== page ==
I have a confession to make.
Lesson aims scare me. Just a bit, not a lot, but they do scare me. My first exposure to them was during the miserable 6 months I spent training as a state-school teacher in the UK: not only were there aims, but there were objectives, which apparently were slightly different, and there had to be one aim and three objectives – or was it one objective and three aims? – differentiated by level to divide the students neatly into high, medium and low achievers. Oh, and they couldn’t contain any reference to what students would be doing, only what they’d be learning. But they couldn’t be too vague either. My aims were never good enough. I was told this often.
When I did the CELTA, I got into trouble again! The tutor actually laughed at one of my aims, saying that it didn’t require students to learn anything – if I remember correctly, this one had been phrased ‘Students will practise…’.
Fast-forward a sheaf of years, and I was on the academic team of a mid-sized teaching organisation, working with upwards of thirty existing workbooks and taking a lead in designing new ones. I found that my lesson aims were not alone in being variously vague, tentative, or contorted in order to try and fit around what the lessons were actually ‘about’. We already had plenty of aims that sounded a bit odd, or else didn’t quite match the lesson content, and yet rewording them took a lot longer, and caused more disagreement, than almost any other intricacies of course planning.
So here’s a blog post about aims, and why on earth we torture ourselves (or the educational establishment tortures me, anyhow) with the requirement to state them in lesson plans.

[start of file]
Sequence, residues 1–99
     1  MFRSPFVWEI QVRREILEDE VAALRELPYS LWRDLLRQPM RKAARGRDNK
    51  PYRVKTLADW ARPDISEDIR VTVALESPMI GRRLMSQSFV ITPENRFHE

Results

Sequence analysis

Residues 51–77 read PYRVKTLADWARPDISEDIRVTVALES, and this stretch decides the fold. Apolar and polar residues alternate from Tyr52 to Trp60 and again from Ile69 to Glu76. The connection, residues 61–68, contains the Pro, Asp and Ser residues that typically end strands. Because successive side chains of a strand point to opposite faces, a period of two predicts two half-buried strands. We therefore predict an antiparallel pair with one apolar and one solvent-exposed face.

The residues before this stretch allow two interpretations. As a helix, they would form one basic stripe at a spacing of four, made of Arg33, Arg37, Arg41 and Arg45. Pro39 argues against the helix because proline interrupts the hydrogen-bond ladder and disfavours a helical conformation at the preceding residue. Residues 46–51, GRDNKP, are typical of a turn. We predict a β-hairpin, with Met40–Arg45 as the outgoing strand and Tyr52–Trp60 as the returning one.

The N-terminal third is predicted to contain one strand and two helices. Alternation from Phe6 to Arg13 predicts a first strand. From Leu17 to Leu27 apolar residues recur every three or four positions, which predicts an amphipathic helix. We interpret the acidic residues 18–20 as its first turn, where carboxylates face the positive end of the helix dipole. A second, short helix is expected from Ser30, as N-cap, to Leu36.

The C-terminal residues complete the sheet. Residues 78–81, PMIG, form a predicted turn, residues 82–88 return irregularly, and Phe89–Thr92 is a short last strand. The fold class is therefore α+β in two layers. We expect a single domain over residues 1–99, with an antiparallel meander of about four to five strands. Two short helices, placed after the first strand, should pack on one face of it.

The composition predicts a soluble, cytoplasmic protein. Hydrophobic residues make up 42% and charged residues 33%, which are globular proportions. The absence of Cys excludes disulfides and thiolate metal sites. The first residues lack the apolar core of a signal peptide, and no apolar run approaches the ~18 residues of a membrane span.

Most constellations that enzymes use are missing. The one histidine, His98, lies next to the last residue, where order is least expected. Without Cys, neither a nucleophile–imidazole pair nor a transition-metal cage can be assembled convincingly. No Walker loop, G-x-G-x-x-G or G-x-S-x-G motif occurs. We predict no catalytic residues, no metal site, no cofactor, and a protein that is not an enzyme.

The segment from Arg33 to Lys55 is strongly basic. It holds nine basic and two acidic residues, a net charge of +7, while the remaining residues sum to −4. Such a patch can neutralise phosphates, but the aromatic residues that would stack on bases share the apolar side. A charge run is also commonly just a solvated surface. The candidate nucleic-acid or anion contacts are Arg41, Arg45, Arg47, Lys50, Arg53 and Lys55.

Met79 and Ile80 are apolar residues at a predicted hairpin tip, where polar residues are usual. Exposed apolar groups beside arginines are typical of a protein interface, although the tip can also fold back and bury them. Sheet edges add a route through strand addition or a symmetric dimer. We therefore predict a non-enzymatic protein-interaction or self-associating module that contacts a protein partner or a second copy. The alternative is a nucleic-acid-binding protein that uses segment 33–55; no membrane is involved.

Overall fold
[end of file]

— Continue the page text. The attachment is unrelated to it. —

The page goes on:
Continue reading “What’s the Use of Lesson Aims?”
1. “This is to help you become a better teacher” While I don’t deny that a well-handled observation can help a teacher to improve, is this really the primary purpose of most observations? In my experience of being observed, most of the time the process ended with a grade or report which was briefly shown to me and then went up into the higher echelons … Continue reading The Lies of the Lesson Observation Process
a dark horse (n) a candidate or competitor about whom little is known but who unexpectedly wins or succeeds – Google Not all interesting dinner-table discussions translate to the English classroom. Controversial subjects like politics and romance might work brilliantly with some students, but won’t with others. A lot of ‘safe’, worthy themes – the environment, healthy eating – are a bit overused in textbooks. … Continue reading Five ‘dark horse’ topics to get students talking
I’ve recently been producing a series of lessons on various aspects of life and culture in the UK. While writing these, I’ve also been thinking about the teaching of British culture and I have to admit I don’t feel completely comfy with it. I wouldn’t go so far as to say it’s necessarily imperialistic; the lessons I’m writing are in response to students and particularly … Continue reading Why should(n’t) we teach British culture?
I remember it well, as it was the opening of my first lesson as a CELTA-qualified teacher. The student was a manager in a public utility company. I walked in, introduced myself, started on the lesson the Director of Studies had suggested. The student’s words exploded on the desk between us: ‘I hate this topic’. A great start! The rest of the lesson hasn’t stuck … Continue reading Why don’t my students know what they want to do in class, and what can I do about it?